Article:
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Centre for Integrated Energy Research

Transport and Ethics Workshop - Gillian Harrison

On Monday 10th September, DTC student Gillian Harrison led a Workshop as part of a project called "New Fuels, New Rules?", an interdisciplinary exploration into the impact of low carbon passenger vehicles on society” funded by the Doctoral Training Centre in Low Carbon Technologies.

This project consisted of an online questionnaire as well as the workshop, and aimed to bring together the understanding of experts involved in the development and implementation of a low carbon vehicle fleet, by opening a dialogue between the disciplines of vehicle technology, transport policy and applied ethics, all of which must work together in order to secure a sustainable low carbon vehicle market. Although it is recognized that low carbon vehicle technologies are necessary in decarbonizing our transport system and to meet climate change targets (alongside other concerns), government policies are required to support their uptake. The driving concern in this work is that these policies themselves may create disproportionate impacts across society due to vulnerabilities within certain sections (most likely those already worst off, including the poor and the disabled), and these should be identified and minimized where possible.

The workshop, which was open to anyone with an interest in low carbon vehicle technology or policies, or the ethics of transport, public policy or climate change took place at the University of Leeds and was designed to enable discussion on:

  • The role of the personal passenger car in a low carbon future
  • How new technologies and their supportive policies will impact on the opportunity of owning a car, and the utility it provides us
  • Who will be most affected by the technologies and policies
  • How we can work together to minimise impacts

There were three talks in the morning session from distinguished speakers in the fields of policy, technology and ethics. John Batterbee, Transport Programme Manager at the Energy Technologies Institute gave an overview of the role of cars in society now and how it could be in the future, asserting that we can decarbonize transport by 2050 (which is a milestone not an end point), but it will be expensive, and we don’t have to force people away from the car to do this as private cars can remain to be a major mode of transport. Andy Eastlake, Managing Director of the Low Carbon Vehicle Partnership, spoke on the development of technologies and how society has development around advances in automobile technology, but warned that there is no silver bullet to low carbon vehicle technologies, and part of the challenge is to address perceptions of what a car actually is. Finally, James Garvey, secretary of the Royal Institute of Philosophy and author of ‘The Ethics of Climate Change’ spoke on just that. Society has a relatively good understanding of climate change science, economics and politics, but moral dimensions of climate change are just mentioned in widespread media – it is not directly explored and there are different arguments, used by those both for and against action, all based on science rather than moral understanding. What we should do about climate change seems at first obvious, but dependent on how you approach it. Agency has been smeared out as complicated intuitions about morality have evolved with us. In the afternoon of the workshop, a ‘Question Time’ style discussion was held, which addressed five questions related to the online questionnaire and allowed all delegates to debate the issues raised in the morning. The full transcript of this, and the presentations can be viewed below:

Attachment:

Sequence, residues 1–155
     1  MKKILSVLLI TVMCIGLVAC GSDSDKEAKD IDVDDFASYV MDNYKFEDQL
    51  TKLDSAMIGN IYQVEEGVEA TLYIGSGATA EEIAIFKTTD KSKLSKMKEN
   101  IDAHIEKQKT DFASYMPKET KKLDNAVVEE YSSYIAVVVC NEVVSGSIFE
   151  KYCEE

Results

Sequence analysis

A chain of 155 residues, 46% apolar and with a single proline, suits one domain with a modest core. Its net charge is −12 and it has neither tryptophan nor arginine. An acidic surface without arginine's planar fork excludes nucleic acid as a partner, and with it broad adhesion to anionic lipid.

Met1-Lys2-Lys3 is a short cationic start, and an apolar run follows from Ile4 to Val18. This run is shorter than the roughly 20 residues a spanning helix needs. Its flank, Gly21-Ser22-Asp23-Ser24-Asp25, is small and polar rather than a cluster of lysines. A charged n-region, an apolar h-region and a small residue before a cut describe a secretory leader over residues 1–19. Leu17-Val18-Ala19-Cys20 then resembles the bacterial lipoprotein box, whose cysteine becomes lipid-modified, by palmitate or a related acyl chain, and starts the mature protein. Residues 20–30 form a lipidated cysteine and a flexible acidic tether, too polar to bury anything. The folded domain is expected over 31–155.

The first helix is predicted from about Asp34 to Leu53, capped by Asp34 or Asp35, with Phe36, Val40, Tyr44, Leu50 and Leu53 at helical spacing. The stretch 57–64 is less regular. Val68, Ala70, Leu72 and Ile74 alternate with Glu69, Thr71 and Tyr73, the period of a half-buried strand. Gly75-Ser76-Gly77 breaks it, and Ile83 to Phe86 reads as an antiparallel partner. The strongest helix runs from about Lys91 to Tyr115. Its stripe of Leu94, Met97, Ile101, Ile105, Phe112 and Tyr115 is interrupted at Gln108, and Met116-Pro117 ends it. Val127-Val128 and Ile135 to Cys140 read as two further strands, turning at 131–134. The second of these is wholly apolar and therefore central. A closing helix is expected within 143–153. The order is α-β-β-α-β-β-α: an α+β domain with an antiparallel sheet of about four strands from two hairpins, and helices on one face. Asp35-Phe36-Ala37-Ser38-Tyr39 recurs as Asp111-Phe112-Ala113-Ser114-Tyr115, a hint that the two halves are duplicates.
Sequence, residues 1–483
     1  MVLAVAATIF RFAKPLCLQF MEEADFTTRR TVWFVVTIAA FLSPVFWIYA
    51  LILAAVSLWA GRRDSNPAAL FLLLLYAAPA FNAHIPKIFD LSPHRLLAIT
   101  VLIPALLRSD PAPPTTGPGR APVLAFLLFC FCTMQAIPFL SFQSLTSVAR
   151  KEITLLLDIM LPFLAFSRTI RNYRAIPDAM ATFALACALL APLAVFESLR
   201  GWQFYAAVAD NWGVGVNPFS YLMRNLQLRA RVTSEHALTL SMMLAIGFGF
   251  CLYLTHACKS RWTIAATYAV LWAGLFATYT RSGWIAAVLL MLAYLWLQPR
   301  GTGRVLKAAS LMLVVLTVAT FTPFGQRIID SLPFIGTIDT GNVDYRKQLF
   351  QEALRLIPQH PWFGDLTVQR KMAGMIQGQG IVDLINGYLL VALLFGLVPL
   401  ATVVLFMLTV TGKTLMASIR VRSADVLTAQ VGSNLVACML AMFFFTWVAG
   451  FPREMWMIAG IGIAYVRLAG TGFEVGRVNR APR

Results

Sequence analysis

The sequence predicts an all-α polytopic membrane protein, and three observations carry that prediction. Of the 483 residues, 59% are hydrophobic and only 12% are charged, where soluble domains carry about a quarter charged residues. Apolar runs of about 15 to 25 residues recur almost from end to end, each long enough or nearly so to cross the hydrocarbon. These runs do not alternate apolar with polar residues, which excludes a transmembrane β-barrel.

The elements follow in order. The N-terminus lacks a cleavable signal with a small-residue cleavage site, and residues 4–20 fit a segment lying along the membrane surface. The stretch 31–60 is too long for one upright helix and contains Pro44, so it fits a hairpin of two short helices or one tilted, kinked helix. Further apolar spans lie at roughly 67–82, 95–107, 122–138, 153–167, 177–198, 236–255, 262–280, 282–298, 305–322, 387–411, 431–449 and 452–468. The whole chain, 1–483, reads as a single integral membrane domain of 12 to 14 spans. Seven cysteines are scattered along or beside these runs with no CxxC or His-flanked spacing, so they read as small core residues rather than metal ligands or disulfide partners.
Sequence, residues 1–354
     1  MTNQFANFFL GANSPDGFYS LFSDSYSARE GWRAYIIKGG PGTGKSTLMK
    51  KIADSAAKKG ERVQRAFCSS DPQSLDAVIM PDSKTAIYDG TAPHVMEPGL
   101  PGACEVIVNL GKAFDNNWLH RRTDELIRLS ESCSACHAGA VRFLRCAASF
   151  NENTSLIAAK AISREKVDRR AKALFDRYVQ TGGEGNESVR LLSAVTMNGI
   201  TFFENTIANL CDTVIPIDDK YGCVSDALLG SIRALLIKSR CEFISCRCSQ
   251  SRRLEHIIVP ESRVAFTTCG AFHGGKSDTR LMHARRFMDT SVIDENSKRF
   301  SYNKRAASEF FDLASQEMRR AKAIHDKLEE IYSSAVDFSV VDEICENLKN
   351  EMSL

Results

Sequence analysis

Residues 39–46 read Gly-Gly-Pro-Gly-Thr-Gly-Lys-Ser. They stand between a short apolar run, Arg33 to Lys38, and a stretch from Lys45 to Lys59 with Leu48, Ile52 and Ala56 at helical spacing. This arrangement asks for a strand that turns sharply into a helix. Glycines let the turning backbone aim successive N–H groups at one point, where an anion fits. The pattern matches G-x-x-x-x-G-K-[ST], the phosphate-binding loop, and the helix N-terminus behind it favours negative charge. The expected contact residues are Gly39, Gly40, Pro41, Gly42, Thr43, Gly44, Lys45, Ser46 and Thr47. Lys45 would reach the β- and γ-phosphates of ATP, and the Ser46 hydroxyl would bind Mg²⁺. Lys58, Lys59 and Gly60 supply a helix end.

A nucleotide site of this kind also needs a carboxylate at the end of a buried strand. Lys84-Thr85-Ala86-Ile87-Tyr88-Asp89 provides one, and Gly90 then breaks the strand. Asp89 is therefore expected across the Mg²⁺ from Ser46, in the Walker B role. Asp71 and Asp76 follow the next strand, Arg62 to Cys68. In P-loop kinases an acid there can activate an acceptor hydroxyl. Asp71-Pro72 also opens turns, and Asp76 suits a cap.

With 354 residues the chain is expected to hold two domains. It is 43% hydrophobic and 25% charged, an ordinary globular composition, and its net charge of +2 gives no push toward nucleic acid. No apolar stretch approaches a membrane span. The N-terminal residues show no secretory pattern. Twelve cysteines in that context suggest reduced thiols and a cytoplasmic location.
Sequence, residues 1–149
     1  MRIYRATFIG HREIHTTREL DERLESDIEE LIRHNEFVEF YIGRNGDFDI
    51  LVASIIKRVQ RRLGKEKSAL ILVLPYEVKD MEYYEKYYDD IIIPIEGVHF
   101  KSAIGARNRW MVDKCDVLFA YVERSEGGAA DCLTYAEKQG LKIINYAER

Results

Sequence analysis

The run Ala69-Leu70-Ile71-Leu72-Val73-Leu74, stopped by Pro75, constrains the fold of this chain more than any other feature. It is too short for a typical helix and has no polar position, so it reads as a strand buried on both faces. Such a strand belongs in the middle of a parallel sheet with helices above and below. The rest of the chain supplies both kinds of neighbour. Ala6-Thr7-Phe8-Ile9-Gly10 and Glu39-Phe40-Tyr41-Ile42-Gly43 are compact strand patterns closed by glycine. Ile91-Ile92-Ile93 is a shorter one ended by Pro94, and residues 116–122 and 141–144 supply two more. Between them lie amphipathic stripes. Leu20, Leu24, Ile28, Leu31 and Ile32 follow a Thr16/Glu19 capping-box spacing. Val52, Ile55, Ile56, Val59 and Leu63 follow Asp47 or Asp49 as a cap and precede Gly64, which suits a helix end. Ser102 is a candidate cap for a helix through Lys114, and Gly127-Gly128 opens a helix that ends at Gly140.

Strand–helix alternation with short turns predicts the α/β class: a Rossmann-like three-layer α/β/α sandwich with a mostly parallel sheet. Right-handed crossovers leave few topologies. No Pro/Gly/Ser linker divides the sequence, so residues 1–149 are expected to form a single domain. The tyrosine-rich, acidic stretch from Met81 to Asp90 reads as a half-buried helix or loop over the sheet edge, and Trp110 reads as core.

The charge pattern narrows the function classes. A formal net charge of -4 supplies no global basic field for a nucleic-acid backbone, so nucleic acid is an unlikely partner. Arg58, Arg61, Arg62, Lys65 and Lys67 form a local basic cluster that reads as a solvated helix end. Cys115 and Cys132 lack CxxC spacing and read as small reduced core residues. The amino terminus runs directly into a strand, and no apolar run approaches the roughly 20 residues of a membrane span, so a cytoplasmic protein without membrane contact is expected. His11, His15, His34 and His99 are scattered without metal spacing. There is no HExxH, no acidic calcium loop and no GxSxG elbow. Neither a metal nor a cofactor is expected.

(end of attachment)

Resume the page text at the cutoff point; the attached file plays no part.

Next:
Some feedback from the delegates:

  • ‘The workshop you organized was very interesting and certainly helpful in putting interdisciplinary research at the core'
  • 'The event is amazing and thank you very much for organizing it’
  • ‘(through attending this workshop I benefited by) gaining more knowledge about changes likely to affect transport engineering in the future and the impact of transport policies on society'